Hinduism and Tribal Religions

Living Edition
| Editors: Pankaj Jain, Rita Sherma, Madhu Khanna

Oaths (Hinduism)

  • Amitabh Vikram Dwivedi
Living reference work entry
DOI: https://doi.org/10.1007/978-94-024-1036-5_302-1

Introduction

In Hinduism, there are several associative words that denote “oath,” such as shapatha, vachan, and pratigya; however, the connotation of these words is not same. Shapatha means oath as well as curse, but pratigya and vachan are used in the sense of promise to fulfill an oath. Moreover, there are two words: shapa and abhishapa, which are exclusively used to convey the sense of curse. In Indian courts, as loosely demonstrated by popular Bollywood movies, witnesses swear to their religious texts, for example, a Hindu witness swears to Bhagavad Gita, and a Muslim witness swears to Quran. But this practice ended in 1840 CE, and under the 1969 CE law, witnesses swear by a universal god. It is believed that many secrets of Hindu mysticism will never be known to the world as they are bound and protected under an oath of secrecy. A Sanskrit inscription atop Indian Supreme Court building reads Yato Dharma stato Jayaha“let the victory lies with dharma”; incidentally this...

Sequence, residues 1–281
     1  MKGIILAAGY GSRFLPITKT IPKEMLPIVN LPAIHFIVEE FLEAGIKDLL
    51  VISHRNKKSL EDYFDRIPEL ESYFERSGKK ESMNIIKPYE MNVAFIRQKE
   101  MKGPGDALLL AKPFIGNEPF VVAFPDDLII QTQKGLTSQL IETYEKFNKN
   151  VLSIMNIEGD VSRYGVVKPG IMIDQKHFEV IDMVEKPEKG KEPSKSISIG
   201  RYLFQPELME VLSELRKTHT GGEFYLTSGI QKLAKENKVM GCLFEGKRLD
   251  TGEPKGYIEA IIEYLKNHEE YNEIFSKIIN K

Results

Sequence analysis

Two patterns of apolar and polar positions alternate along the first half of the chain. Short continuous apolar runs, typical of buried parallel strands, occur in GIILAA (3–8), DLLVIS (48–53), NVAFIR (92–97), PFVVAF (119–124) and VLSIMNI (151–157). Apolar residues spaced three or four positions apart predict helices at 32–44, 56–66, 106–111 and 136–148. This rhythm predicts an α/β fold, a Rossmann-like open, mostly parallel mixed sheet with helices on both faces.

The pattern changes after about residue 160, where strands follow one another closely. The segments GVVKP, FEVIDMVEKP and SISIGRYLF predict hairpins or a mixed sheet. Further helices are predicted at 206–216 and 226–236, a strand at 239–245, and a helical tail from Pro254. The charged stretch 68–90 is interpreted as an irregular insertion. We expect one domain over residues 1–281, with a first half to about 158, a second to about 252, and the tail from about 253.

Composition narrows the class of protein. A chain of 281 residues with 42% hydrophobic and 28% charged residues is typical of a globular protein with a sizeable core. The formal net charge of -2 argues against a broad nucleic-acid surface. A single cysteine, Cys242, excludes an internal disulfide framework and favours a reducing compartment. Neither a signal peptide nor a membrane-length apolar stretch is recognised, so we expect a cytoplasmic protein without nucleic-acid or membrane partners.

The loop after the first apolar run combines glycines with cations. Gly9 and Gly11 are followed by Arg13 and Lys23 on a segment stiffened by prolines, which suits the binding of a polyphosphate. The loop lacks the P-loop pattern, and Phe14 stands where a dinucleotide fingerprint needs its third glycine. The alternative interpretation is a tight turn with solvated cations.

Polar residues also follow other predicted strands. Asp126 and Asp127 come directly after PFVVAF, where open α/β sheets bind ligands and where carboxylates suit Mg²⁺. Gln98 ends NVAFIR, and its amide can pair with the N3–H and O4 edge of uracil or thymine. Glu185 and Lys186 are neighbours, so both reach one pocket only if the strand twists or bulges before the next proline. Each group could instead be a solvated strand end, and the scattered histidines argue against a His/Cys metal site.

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References

  1. 1.
    Hopkins EW (1932) The oath in Hindu epic literature. J Am Orient Soc 52(4):316–337. JSTOR. www.jstor.org/stable/593849CrossRefGoogle Scholar

Copyright information

© Springer Science+Business Media B.V. 2018

Authors and Affiliations

  1. 1.College of Humanities & Social Sciences – Languages & LiteratureShri Mata Vaishno Devi UniversityKatraIndia